Thursday, August 22, 2002, Chandigarh, India


M A I N   N E W S

Armitage visit: India sets terms
To seek Pak cooperation on jehadis
Rajeev Sharma
Tribune News Service

New Delhi, August 21
India is going to tell US Deputy Secretary of State Richard Armitage when he visits the subcontinent on Friday and Saturday to exert pressure on Pakistan to give up its dual policy on terrorism.

Sources in South Block today said India would encourage the USA to continue to exert pressure on Pakistan so that Islamabad’s efforts to put a firewall between action against Al Qaida and Jehadis is dismantled.

India’s game plan in this regard is uncomplicated: Washington should put pressure on Islamabad to do in Pakistan Occupied Kashmir (PoK) what it is doing in Federally Administered Tribal Areas (FATA) and North-West Frontier Province (NWFP).

The idea is that if Pakistan is really serious in its fight against terrorism, it should cooperate with India in taking action against terrorists in PoK just as Islamabad has been cooperating with the USA in taking action against Al Qaida and Taliban cadres in NWFP and FATA.

Significantly, 60 per cent of Taliban and Al-Qaida cadres are still to be accounted for. US Defence Secretary Donald Rumsfeld had given this information to the Indian officials during his last visit here. When he was asked by Indian officials how did he reach this figure, he said 20 per cent of the cadres had been killed and 20 per cent were in American custody while the rest were unaccounted for.

Sources disclosed that India was also going to tell Mr Armitage that New Delhi was willing to resume dialogue with Pakistan at the military level provided Islamabad agree to discuss issues like terrorism and infiltration also. Besides, India could also consider to a joint operation with the Pakistani forces against terrorists in PoK.

India’s argument is that if there is a modicum of cooperation between the security forces of India and Pakistan, New Delhi would be able to make a distinction between the terrorists operating in India and those based in Pakistan.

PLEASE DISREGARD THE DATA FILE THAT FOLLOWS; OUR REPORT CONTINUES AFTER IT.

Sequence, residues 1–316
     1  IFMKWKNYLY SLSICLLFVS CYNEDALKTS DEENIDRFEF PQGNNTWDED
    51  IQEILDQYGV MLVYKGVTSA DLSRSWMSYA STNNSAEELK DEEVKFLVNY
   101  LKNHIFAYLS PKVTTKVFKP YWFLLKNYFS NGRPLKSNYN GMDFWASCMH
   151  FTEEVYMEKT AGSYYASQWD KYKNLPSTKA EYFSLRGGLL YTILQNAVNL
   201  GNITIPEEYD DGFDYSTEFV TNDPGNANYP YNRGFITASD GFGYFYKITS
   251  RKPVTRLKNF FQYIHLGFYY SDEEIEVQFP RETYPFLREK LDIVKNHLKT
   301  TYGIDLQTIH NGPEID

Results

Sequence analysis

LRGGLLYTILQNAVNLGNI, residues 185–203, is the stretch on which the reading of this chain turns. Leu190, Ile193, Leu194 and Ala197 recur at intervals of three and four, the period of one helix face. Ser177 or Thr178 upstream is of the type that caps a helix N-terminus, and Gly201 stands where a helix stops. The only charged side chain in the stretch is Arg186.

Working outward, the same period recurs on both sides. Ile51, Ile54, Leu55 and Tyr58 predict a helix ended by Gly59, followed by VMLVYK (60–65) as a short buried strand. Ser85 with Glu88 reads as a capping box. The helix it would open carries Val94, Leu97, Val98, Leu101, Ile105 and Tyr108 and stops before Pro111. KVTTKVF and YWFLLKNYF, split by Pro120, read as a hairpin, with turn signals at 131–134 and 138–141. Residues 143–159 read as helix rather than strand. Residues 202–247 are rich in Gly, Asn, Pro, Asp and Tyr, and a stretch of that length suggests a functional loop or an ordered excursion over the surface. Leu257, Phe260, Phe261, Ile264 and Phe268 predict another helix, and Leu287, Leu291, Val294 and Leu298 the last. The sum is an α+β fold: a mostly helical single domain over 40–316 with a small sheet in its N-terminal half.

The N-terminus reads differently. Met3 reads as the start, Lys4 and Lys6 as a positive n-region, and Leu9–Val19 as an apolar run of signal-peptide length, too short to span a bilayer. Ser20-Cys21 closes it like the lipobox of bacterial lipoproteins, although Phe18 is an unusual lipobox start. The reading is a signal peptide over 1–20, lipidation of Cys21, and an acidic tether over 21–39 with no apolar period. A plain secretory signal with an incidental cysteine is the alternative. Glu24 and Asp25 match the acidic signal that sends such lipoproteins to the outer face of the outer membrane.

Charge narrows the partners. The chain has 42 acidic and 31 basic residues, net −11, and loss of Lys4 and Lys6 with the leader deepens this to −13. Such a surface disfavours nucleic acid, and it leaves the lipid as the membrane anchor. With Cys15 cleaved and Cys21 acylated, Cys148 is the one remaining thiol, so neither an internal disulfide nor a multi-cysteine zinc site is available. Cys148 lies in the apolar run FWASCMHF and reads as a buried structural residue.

“This modicum of cooperation at the military level would certainly increase our threshold of tolerance of slippages like Kaluchak,” sources said. In that event India’s reaction would be much different even if another Kaluchak-type act were to take place.

Another point India is going to take up with Mr Armitage is Gen Musharraf’s recent statement in which he has admitted that infiltration in small groups may still be going on along the Line of Control. India refuses to believe that Gen Musharraf is “helpless” in controlling the jehadi elements in his country.



India to take up ‘list of 20’
Tribune News Service

New Delhi, August 21
India believes that if Pakistan were to send “even a bunch” of the 20 men wanted by New Delhi it would go down well with the public sentiments here that Islamabad had become serious in normalising relations.

Official sources here made it clear that the list of 20 was not a dead issue for India and the government would keep repeating it “ad nauseum” before the international community. This issue could well be taken up again when US Deputy Secretary of State Richard Armitage comes here on a day-long visit on August 23. India has consistently been taking up the issue with the US authorities with the hope that Washington would pressurise Pakistan.

New Delhi feels that the resumption of a dialogue with Islamabad is not possible under the current circumstances when the Musharraf regime has reneged on its pledges to stop cross-border terrorism.

The sources said India would also tell the USA that Pakistan was making all efforts to sabotage the poll process in Jammu and Kashmir.

During his visit, Mr Armitage would meet Defence Minister George Fernandes, National Security Adviser Brajesh Mishra and Foreign Secretary Kanwal Sibal, though he would not be able to meet External Affairs Minister.

He will fly to Islamabad from here and then on to Japan and China.

Besides terrorism in Jammu and Kashmir, cooperation in science and technology and social issues will also be discussed with Mr Armitage. “We may hear something from Mr Armitage on cooperation between India and the USA in these areas.”